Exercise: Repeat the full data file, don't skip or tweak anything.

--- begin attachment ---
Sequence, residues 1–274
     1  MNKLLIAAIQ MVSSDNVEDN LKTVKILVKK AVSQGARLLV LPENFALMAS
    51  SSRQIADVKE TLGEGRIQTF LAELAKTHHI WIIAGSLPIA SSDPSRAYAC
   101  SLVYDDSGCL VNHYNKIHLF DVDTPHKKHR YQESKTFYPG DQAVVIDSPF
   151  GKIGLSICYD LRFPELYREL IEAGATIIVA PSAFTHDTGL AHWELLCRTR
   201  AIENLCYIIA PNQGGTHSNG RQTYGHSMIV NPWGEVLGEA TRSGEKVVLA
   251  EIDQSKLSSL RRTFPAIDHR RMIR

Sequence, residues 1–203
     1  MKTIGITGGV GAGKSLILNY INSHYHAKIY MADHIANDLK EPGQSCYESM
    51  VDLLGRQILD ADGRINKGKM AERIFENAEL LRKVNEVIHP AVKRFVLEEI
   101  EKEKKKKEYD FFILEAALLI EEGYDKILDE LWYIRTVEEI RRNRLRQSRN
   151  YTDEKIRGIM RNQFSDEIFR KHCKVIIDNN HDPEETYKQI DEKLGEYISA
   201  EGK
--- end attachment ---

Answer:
Sequence, residues 1–274
     1  MNKLLIAAIQ MVSSDNVEDN LKTVKILVKK AVSQGARLLV LPENFALMAS
    51  SSRQIADVKE TLGEGRIQTF LAELAKTHHI WIIAGSLPIA SSDPSRAYAC
   101  SLVYDDSGCL VNHYNKIHLF DVDTPHKKHR YQESKTFYPG DQAVVIDSPF
   151  GKIGLSICYD LRFPELYREL IEAGATIIVA PSAFTHDTGL AHWELLCRTR
   201  AIENLCYIIA PNQGGTHSNG RQTYGHSMIV NPWGEVLGEA TRSGEKVVLA
   251  EIDQSKLSSL RRTFPAIDHR RMIR

Sequence, residues 1–203
     1  MKTIGITGGV GAGKSLILNY INSHYHAKIY MADHIANDLK EPGQSCYESM
    51  VDLLGRQILD ADGRINKGKM AERIFENAEL LRKVNEVIHP AVKRFVLEEI
   101  EKEKKKKEYD FFILEAALLI EEGYDKILDE LWYIRTVEEI RRNRLRQSRN
   151  YTDEKIRGIM RNQFSDEIFR KHCKVIIDNN HDPEETYKQI DEKLGEYISA
   201  EGK